\begin{figure}
\par\mbox{\includegraphics[width=4cm,height=4cm,angle=0,clip]{152...
...width=4cm,height=4cm,angle=0,clip]{15208f15.3.ps} }\vspace*{-3mm}
\end{figure} Figure 15:

Simulated images of strong cool-core A1835 as seen by WFXT in medium exposure (13.2 ks), at redshifts 0.5 (left), 1.0 (middle) and 1.5 (right). The images have a size of $10 \times 10$ arcmin and are displayed in logarithmic scale.

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Table 5:   Expected number of clusters with temperature kT >3 keV and with more than 1500 net counts in the 0.5-7 keV band, in each one of the three planned WFXT surveys.

The image quality of WFXT allows one to robustly characterize the cool-core strength in clusters detected with more than 1500 net counts. Simulations of realistic WFXT fields have been produced in order to investigate this science case. Using the cloning technique (Santos et al. 2008), we simulated WFXT images of typical strong, moderate and non cool-core clusters at redshifts 0.5, 1.0 and 1.5. The templates chosen to perform the cloning simulations are A1835, A963 and A2163, which represent these three cluster types.

To obtain a quantitative assessment of the cool-core properties of the simulated clusters, we measured $c_{\rm SB}$. For the most interesting case of tracing the evolution of a strong cool-core (A1835, see Fig. 15), we measured $c_{\rm SB}= 0.184, 0.156$ and 0.152 at z = 0.5, 1.0 and 1.5, respectively, while the Chandra value in the original image is $c_{\rm SB}=0.246$. We, therefore, find an apparent evolution due to the angular resolution, which can be removed by applying a proper deconvolution of the PSF. However, and more importantly, we also confirm that the measure of $c_{\rm SB}$ at face-value allows us to assign each cluster to its own cool-core class (strong-, moderate- and non-CC) at any redshift. We conclude that, while the exact amount of evolution in the cool-core strength seen by WFXT is moderately affected by the angular resolution, we will be able to perform a similar study as presented here with Chandra data.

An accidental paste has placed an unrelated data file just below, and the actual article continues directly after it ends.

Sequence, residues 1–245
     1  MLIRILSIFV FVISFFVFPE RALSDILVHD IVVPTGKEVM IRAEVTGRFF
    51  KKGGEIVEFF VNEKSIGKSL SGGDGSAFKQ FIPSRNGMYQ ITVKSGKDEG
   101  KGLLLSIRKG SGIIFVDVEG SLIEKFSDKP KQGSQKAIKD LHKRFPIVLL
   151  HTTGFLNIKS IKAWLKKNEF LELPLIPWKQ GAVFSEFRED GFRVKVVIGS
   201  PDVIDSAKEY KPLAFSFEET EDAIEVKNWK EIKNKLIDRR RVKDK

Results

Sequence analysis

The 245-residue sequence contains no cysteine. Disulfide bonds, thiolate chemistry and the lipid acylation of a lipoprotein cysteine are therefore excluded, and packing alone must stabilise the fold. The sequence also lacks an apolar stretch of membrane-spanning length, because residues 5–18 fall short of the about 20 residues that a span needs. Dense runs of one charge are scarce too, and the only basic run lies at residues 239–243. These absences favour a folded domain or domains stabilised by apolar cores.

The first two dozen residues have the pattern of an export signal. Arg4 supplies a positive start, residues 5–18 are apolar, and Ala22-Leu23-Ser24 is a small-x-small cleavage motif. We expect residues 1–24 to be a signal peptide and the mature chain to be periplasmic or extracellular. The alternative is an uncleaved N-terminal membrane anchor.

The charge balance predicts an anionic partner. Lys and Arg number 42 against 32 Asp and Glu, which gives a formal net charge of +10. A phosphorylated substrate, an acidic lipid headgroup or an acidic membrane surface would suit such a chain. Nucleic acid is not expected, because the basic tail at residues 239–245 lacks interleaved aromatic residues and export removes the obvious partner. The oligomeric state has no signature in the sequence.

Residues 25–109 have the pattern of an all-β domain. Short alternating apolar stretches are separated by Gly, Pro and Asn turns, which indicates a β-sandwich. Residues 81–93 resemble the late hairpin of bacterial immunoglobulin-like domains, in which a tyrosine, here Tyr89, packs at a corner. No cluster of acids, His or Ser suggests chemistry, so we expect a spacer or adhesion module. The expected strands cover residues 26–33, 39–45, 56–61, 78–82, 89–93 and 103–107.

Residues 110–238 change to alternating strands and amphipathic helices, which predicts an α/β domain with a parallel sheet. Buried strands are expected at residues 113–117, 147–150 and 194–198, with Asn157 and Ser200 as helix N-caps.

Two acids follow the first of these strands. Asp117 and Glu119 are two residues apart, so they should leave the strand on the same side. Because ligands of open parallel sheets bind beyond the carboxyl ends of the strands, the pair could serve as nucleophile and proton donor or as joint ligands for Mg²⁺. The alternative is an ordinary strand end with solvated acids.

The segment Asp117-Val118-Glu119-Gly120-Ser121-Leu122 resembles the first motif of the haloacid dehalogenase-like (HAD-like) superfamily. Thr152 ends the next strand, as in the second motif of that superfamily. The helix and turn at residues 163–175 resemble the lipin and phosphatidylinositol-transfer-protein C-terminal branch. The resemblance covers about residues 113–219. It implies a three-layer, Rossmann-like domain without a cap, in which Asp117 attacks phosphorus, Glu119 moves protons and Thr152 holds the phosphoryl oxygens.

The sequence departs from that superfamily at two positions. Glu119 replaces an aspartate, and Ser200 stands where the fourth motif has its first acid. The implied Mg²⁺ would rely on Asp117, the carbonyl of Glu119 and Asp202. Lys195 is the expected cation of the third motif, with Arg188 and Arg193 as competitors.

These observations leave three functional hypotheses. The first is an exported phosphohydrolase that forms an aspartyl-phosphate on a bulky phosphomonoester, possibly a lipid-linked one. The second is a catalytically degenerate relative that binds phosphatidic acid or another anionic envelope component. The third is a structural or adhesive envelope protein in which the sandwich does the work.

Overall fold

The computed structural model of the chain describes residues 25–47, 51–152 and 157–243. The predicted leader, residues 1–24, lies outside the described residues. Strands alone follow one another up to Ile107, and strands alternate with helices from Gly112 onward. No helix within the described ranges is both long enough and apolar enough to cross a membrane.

We note that z=1.5 is probably the redshift limit to perform this kind of analysis. The power of WFXT can be appreciated if we look at the number statistics below z = 1.5 in the medium survey, where we expect to detect 2190 (300) massive clusters (T > 3 keV) with a minimum of 1500 net counts (to allow for a robust $c_{\rm SB}$measurement and a spectral analysis), in the redshift range 0.5 <z< 1.0 ( 1.0 <z< 1.5).

11 Conclusions

In this paper we investigated the evolution of cool-core clusters across the entire redshift range currently available, i.e., out to z = 1.3. Our analysis is mostly based on the archival Chandra data of three cluster samples, and our results are derived mainly from the cluster X-ray surface brightness properties. In the following, we summarize our main results and conclusions:

  • The range of surface brightness spanned by the three samples (see Figs. 1-3) includes a wide variety of physical morphologies, illustrating that the samples are well representative of the X-ray luminous galaxy cluster population and therefore are suitable to investigate the evolution of the cool-cores.
  • The distributions of the surface brightness concentration, $c_{\rm SB}$, in the high-z cluster samples (Fig. 6, left panel) show that the two samples are statistically different: the 400 SD high-z sample lacks concentrated clusters, with median $c_{\rm SB}$ equal to 0.043, in contrast, the RDCS+WARPS spans a wider range of $c_{\rm SB}$, with median $c_{\rm SB}=0.082$. This finding suggests that the 400 SD high-z sample may be biased against concentrated morphologies.
  • The comparison between the local sample and the RDCS+WARPS clusters shows that the distributions of $c_{\rm SB}$ are not significantly different (see Fig. 6, right panel), exposing a well defined population of cool-cores already in place at $z \sim 1.3$; however, the high-z sample is deficient in very peaked (or strong cool-core, with $c_{\rm SB} > 0.15$) clusters.